Changes to the sporting regulations for the FIA World Touring Car Cup have been confirmed by the FIA for the 2020 season, which will see the compensation weight calculations based only on qualifying lap times.
The change was prompted by teams managing the lap time pace of their drivers in the races, prompting tactical driving rather than flat-out attack, in order to prevent a too-fast race lap time inhibiting a team or driver at the next event.
Instead, the compensation weights will now be calculated based only on the qualifying lap times of each model of car.
The calculations will also be made without the effect of ballast being taken into account. Instead, a correction to the lap times will be applied based on the ballast carried in previous events.
A statement issued by Eurosport Events explained that “the changes to the Sporting Regulations have been made to discourage teams – in tandem with customer racing brand engineers – from instructing drivers to effectively set slower race lap times to help limit the amount of additional weight added to their cars for the subsequent race weekend.”
Commenting on the changes, Head of Eurosport Events François Ribeiro explained that the change is intended to improve the show.
“When you have a successful product like we do with WTCR, it’s important to avoid making wholesale changes, only adjustments to further improve the show,” said Ribeiro.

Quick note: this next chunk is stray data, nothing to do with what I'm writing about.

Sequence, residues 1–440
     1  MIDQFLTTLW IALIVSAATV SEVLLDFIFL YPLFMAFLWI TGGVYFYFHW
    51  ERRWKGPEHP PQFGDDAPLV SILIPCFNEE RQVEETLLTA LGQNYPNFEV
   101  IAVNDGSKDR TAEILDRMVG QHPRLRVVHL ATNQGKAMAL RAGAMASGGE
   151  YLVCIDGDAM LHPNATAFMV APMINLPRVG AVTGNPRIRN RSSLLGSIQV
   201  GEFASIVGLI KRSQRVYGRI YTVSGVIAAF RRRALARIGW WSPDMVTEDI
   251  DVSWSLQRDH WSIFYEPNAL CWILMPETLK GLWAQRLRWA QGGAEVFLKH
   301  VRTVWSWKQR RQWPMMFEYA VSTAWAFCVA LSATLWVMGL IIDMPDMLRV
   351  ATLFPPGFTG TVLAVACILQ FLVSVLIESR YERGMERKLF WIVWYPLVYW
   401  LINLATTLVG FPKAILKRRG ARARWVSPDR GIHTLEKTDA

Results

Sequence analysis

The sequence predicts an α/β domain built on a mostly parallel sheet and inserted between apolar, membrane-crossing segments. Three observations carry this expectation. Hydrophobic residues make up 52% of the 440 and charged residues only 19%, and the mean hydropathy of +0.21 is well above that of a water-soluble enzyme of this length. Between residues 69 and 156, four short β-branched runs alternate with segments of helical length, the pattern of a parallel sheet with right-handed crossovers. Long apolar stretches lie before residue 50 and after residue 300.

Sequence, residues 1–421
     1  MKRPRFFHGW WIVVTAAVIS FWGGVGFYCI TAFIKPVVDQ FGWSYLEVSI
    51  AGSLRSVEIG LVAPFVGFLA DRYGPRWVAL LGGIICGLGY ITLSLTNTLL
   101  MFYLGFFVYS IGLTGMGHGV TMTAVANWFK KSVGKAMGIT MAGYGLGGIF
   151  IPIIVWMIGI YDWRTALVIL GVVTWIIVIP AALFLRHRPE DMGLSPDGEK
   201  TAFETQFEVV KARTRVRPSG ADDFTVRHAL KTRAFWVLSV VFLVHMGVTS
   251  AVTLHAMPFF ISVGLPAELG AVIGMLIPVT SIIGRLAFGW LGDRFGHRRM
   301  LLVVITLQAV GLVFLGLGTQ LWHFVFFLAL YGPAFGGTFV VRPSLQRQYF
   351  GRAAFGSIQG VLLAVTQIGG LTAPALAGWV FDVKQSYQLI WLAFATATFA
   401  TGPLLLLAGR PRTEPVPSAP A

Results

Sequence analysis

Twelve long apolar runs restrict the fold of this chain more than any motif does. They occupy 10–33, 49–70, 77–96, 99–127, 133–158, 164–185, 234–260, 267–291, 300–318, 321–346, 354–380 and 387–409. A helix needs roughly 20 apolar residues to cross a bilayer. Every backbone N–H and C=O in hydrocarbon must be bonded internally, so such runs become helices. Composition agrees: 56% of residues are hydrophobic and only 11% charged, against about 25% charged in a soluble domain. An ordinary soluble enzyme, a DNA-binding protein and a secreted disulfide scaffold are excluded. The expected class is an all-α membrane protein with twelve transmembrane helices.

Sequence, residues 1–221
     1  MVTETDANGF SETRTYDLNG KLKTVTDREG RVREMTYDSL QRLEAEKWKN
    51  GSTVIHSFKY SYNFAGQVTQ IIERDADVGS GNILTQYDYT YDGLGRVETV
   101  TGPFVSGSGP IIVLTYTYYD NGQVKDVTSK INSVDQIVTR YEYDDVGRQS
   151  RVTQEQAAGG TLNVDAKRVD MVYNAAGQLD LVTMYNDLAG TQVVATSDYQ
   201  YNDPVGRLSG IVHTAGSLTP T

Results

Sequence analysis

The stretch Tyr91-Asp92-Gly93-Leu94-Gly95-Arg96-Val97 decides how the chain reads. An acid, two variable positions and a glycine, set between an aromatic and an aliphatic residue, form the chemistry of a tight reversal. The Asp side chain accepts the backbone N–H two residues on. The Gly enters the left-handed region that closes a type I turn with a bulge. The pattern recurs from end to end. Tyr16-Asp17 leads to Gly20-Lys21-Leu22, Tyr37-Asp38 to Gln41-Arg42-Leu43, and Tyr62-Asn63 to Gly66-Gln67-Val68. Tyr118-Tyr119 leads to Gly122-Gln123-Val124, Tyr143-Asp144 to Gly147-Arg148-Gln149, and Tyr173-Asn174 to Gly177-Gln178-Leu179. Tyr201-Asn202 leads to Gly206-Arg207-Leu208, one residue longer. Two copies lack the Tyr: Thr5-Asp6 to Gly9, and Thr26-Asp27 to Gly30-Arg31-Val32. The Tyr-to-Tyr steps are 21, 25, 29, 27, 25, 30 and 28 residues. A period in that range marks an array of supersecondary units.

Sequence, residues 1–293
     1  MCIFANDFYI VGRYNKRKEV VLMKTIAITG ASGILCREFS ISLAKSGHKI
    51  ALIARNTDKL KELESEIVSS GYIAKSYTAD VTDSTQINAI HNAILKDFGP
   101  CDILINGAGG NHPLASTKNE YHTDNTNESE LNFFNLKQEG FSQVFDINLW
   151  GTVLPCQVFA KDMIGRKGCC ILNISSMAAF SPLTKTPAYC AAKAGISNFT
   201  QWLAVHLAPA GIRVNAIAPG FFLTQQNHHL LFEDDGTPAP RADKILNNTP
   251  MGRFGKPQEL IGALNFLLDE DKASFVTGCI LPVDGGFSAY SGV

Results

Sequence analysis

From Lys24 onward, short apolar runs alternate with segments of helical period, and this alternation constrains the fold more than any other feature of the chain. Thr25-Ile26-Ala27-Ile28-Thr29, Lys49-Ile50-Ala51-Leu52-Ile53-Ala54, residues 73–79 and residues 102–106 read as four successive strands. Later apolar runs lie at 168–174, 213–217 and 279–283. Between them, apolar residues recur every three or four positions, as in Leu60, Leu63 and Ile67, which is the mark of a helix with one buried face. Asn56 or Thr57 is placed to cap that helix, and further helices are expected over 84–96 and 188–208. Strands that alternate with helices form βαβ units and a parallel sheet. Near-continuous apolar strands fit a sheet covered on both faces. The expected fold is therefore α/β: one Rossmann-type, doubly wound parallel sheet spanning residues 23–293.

“Including qualifying lap times only in the compensation weight calculations is the best possible decision for WTCR and the fans watching the racing.
“For too long we’ve seen engineers on the pit wall focusing on lap-time management and scratching their heads over their live radio communication with drivers.
“I am thankful to the FIA for sharing this opinion.”
In addition, a new rookie classification for drivers aged under 23 on the 1 January 2020 will be introduced. This is for drivers who have participated in no more than three WTCR events.
The rookie challenge is being created to showcase the emerging young talent making its way into WTCR. In 2019 drivers under the age of 23 competing in the series have been Attila Tassi, Luca Engstler, Mikel Azcona, Ritomo Miyata and Yann Ehrlacher.
During 2019, the average age of the field was 34 years and 11 months.
“Right from the start of WTCR, one of our continued aims has been to attract young guns to take on established professionals, which will be the case well into the future,” said Ribeiro.
“There’s an increasing number of young talents coming through the ranks in touring car racing and it’s important WTCR is accessible for the most talented of them.”
Ribeiro also explained that whilst a race in Japan had been dropped in favour of a new event at the Inje Speedium in South Korea, an agreement remained in place between the promoter and Mobilityland for another series.
Eurosport Events has already been named as the promoter of the new-for-2020 all-electric E-TCR series, which has yet to reveal its initial calendar.
“We welcome South Korea and Inje Speedium to the WTCR family,” said Ribeiro. “Once again, we have included four events in Asia to acknowledge the region’s considerable importance to the WTCR.
“While the 2020 calendar will not include an event at Suzuka, our long-term partnership with Mobilityland, the local promoter in Japan, remains firmly in place to bring another series to Suzuka in the future.”